Obesity and Overeating: How to Break a Bad Habit

Scientists' advice on breaking bad habits.

September 06, 2011, 5:37 PM

Sept. 7, 2011 — -- We humans are creatures of habit, both good and bad, and while habits can free us from having to rethink everything we do, every time we do it, they can also enslave us to activities that may be self destructive. They can be very hard to break, even when we know we must, but researchers at the University of Southern California have come up with a simple formula that may help, at least in some cases.

Don't try to overwhelm that bad habit with good intentions and a strong sense of self control, because it probably won't work. Instead, alter the environment that triggers that automatic response, which we call a habit, because without the right cues it may slowly go away.

All it took was a bag of stale popcorn, a movie theater, and surprisingly little manipulation to get habitual popcorn addicts to mend their ways.

Psychologists David Neal and Wendy Wood have studied habits for years, going back to the days when they were fellow researchers at Duke University. Coincidentally, they both relocated to USC a couple of years ago to continue their work on the powerful forces that control much of our activities as we breeze through life on autopilot.

We don't have to think about habits. They "are the bedrock of everyday life," relieving us of the need to plan, guide, and motivate "every action from making that first cup of coffee in the morning to sequencing the finger movements in a Chopin piano concerto," as they noted in one study.

In their latest study, published in the current issue of the Personality and Social Psychology Bulletin, Neal and Wood and several colleagues wanted to find out if persons who nearly always eat a bag of popcorn when at the movies would eat the stuff, even if it was really old. Just because it's a habit.

They recruited several hundred participants, some who really wanted popcorn with a movie, some who sometimes wanted popcorn, and some who really didn't care. So each person attending a showing in a regular theater was quizzed on how much they liked popcorn, how hungry they were, and several other things. They were not allowed to sit near anyone else.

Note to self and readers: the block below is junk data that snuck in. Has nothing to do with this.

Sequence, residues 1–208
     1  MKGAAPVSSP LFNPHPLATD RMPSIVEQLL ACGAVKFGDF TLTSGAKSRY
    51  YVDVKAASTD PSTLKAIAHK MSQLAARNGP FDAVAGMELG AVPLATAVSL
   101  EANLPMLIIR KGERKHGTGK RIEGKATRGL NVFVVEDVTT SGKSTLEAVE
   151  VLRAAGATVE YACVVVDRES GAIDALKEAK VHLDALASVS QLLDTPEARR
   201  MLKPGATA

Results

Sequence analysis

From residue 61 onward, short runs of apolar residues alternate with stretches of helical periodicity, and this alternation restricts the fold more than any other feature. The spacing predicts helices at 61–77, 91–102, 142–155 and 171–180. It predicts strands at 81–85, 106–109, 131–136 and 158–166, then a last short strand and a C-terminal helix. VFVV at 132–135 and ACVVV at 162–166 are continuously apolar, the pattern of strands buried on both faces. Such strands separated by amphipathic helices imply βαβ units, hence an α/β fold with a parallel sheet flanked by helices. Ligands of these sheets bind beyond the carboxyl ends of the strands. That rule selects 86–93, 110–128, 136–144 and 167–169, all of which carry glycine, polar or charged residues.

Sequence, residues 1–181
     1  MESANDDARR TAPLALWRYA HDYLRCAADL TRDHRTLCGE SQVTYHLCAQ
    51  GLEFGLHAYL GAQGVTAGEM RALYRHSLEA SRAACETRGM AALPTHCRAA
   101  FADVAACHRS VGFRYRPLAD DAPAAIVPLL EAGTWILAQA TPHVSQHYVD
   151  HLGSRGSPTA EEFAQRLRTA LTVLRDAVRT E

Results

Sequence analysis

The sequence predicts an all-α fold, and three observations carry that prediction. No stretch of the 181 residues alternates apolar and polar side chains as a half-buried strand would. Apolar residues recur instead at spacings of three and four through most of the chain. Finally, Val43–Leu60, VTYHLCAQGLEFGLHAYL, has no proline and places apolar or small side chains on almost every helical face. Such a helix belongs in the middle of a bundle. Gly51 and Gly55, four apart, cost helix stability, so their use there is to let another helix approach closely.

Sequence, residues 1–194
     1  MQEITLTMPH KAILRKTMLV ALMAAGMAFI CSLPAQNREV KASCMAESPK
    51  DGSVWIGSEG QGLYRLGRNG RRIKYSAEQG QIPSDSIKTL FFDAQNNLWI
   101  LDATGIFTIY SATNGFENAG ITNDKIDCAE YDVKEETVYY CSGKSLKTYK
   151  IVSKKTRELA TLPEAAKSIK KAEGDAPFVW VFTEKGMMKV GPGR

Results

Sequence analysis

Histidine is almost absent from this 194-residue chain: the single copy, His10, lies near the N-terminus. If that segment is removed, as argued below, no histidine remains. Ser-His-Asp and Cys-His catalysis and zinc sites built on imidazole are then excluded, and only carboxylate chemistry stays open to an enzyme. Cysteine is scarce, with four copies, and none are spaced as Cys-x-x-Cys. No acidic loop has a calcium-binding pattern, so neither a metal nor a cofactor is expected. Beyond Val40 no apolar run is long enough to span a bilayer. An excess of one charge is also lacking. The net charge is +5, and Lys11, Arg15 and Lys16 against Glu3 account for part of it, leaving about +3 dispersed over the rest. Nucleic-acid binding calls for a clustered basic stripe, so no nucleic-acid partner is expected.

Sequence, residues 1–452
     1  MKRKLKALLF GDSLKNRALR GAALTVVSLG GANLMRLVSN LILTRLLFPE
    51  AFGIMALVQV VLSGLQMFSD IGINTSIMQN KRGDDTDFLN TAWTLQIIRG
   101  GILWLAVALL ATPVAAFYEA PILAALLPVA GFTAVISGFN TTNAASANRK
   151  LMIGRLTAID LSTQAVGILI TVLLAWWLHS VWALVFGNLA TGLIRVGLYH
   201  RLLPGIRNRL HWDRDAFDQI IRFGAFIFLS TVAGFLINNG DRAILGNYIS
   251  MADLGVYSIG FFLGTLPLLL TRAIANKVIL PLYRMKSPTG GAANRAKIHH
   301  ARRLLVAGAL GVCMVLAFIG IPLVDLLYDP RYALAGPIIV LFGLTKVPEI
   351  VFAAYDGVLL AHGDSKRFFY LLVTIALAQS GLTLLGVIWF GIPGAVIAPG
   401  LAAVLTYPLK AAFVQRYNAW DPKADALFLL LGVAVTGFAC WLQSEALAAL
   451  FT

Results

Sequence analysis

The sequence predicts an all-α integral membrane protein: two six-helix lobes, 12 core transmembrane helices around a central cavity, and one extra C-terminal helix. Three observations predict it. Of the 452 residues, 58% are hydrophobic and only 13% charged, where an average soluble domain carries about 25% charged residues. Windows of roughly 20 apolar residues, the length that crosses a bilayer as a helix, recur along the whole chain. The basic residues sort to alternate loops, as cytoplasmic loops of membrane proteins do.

Half were given a bag of freshly cooked popcorn, and the other half were given a bag that had been sitting around for seven days, leaving it stale and not particularly appetizing. After the showing the bags were collected and weighed.

Participants who could take it or leave it left the stale stuff almost untouched. But habitual popcorn eaters ate the whole thing, regardless of whether their bag was new or stale. Was it just because they really liked popcorn? Apparently not, according to a second study.

Enter new recruits to watch a flick with a bag of popcorn in a somewhat different setting. This time the experiment was conducted in a meeting room, not a movie theater, so the cinematic mystique -- and the cues -- were missing. Even the habitual popcorn hounds ignored the stale stuff. Again, the only difference was the setting.

And in a third experiment, with other new participants, the researchers returned to the movie theater, again armed with fresh and stale popcorn. But in this case, the participants were instructed to eat the popcorn only with their "non-dominant" hand. Right handers, for example, had to eat with their left hand.

None of the participants, including the habitual popcorn eaters, cared much for the stale stuff, even though they were in a cinematic setting. Bottom line: Taking away even a small cue, like the setting or the hand used to eat the popcorn, overwhelmed the habit, apparently because the participants had to think about what they were doing.

Numerous other researchers have documented the strength of habits. Scientists at Cedars-Sinai Medical Center in Los Angles found that the best way to get into a regular exercise program is to "train the mind" first. The part of the brain that establishes a habit is packed in a small section at the base of the brain and billions of neurons located there respond quickly to repetition. So start today, do a little on a regular schedule, and soon it will become a habit, making exercise a routine part of the day.

"On average, people have more good habits than bad," Neal, who has since left USC to do research in a private company, said in a telephone interview. But bad habits can be particularly destructive, contributing to the current obesity crisis, he added.

That midnight snack, he added, may be nothing more than the result of snacking at midnight often enough that it becomes a habit. When the right time rolls around, it's time for a snack, even in the absence of hunger.

His formula is pretty simple. Put the cookie jar where you can't see it. Look only at the salad menu while in your favorite restaurant, but only if you don't have the habit of eating a great steak there every Friday night. And it isn't just a matter of willpower.

"Basically, it's not really a matter of setting the right goals or having enough will power," he said. "Those things are valuable, but they don't really get you over the line. The critical thing to focus on is the environment," where you can bring stimulus under control by ditching that dang cookie jar.

So Mary Poppins probably had it right: a spoonful of sugar makes the medicine go down. But do that too often and the medicine will always taste like sugar. It will become a habit. You won't even have to think about it.

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